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Stars hit red carpet as Oscar time approaches
Question of the Day
Affleck was not counting on anything, though.
“We don’t expect to depart with anything but our integrity,” Affleck said on the red carpet.
If some longshots came in, the night could produce two more three-time acting winners _ Sally Field from “Lincoln” and Robert De Niro for “Silver Linings Playbook.”
There’s also a chance of the oldest or youngest acting winner ever _ 86-year-old “Amour” star Emmanuelle Riva and 9-year-old Wallis for “Beasts.”
The ABC broadcast itself could set some fresh highs or lows. Oscar overseers keep talking about pacing and trimming fat from a ceremony that’s dragged on interminably, approaching four and a half hours one year. Can they keep it tight and lively enough that viewers don’t think about gouging out their eyes around the three-hour mark?
And what about host MacFarlane? He’s a classy, low-key guy in person, with an old-fashioned Sinatra-style singing voice that he’ll no doubt put to use in a show that’s shaping up as a music-heavy, Broadway-style celebration of cinema.
Yet MacFarlane’s career is built on pushing the envelope _ or crumpling it and tossing it in the trash _ as he’s tested the boundaries of good taste with such brazen shows as his animated series “Family Guy” and last summer’s F-bomb-laden blockbuster “Ted,” which earned him a songwriting Oscar nomination.
The result could be a fun night for younger, hipper TV audiences that Oscar organizers are courting but a crude awakening for traditionalists who like their Academy Awards to lean more toward the sacred than the profane. Or it could be that MacFarlane makes the most of the thankless task of shepherding the Oscars, striking a nice balance between respecting Hollywood and poking it in the eye.
“I think a little bit of that injected into the mix will go a long way, but I do also have to be mindful, in this instance, of not losing the audience that’s there every year,” MacFarlane said amid a hectic rehearsal schedule. “It’s a different audience from my own, but I do have to be respectful that they will be watching.”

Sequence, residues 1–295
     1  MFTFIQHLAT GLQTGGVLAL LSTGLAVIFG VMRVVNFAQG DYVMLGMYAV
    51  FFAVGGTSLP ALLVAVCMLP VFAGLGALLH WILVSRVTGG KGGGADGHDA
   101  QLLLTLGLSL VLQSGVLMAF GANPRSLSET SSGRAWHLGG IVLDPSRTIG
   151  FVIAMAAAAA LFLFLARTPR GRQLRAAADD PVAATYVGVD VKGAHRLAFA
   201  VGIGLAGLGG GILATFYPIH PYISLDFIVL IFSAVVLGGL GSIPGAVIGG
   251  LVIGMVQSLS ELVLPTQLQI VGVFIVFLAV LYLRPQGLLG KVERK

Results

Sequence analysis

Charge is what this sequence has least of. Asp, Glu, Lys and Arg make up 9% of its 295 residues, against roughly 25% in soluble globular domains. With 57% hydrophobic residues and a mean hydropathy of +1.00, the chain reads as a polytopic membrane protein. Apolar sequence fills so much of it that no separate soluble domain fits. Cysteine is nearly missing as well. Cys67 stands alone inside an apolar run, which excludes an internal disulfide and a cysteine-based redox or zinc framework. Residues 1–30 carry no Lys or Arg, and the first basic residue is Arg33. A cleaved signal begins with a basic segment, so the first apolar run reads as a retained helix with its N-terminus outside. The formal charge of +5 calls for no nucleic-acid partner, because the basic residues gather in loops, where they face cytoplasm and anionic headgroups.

So maybe it’s an Oscar show that’s shaken, but not stirred up too much. That might suit one of the evening’s special honorees, British super-spy James Bond, whose adventures will be the subject of a tribute to mark the 50th anniversary of his first big-screen outing in “Dr. No.” Adele will perform her Oscar-nominated title tune to last year’s Bond tale “Skyfall,” while the show features Shirley Bassey, who sang the Bond theme songs for “Goldfinger,” “Diamonds Are Forever” and “Moonraker.”
The show presents a salute to movie musicals of the last decade, with “Chicago” Oscar winner Catherine Zeta-Jones and “Dreamgirls” winner Jennifer Hudson joining “Les Miserables” cast members that include best-actor nominee Hugh Jackman, supporting-actress front-runner Anne Hathaway, Russell Crowe, Helena Bonham Carter and Amanda Seyfried.
Oscar producers Craig Zadan and Neil Meron have lined up a bubbly mix of young and old Hollywood as presenters, performers and special guests _ from Barbra Streisand, Michael Douglas and Jane Fonda to “Harry Potter” star Daniel Radcliffe, “Twilight” star Kristen Stewart, and Robert Downey Jr. and his superhero colleagues from “The Avengers.”
Along with front-runners Day-Lewis as best actor for “Lincoln” and Hathaway as supporting actress for “Les Miserables,” the other favorites are “Hunger Games” star Lawrence as best actress for “Silver Linings Playbook” and Tommy Lee Jones as supporting actor for “Lincoln.”
Affleck’s thriller “Argo” is in line for best picture after winning practically every top prize at earlier honors. Hollywood was shocked that Affleck was snubbed for a directing nomination, possibly earning the film some sympathy votes, particularly from actors, who love it when one of their own succeeds behind the camera.
The story of how Hollywood, Canada and the CIA teamed up to rescue six Americans during the Iranian hostage crisis, “Argo” would become just the fourth film in 85 years to claim the top prize without a best-directing nomination and the first since 1989’s “Driving Miss Daisy.”
By Matt Kibbe
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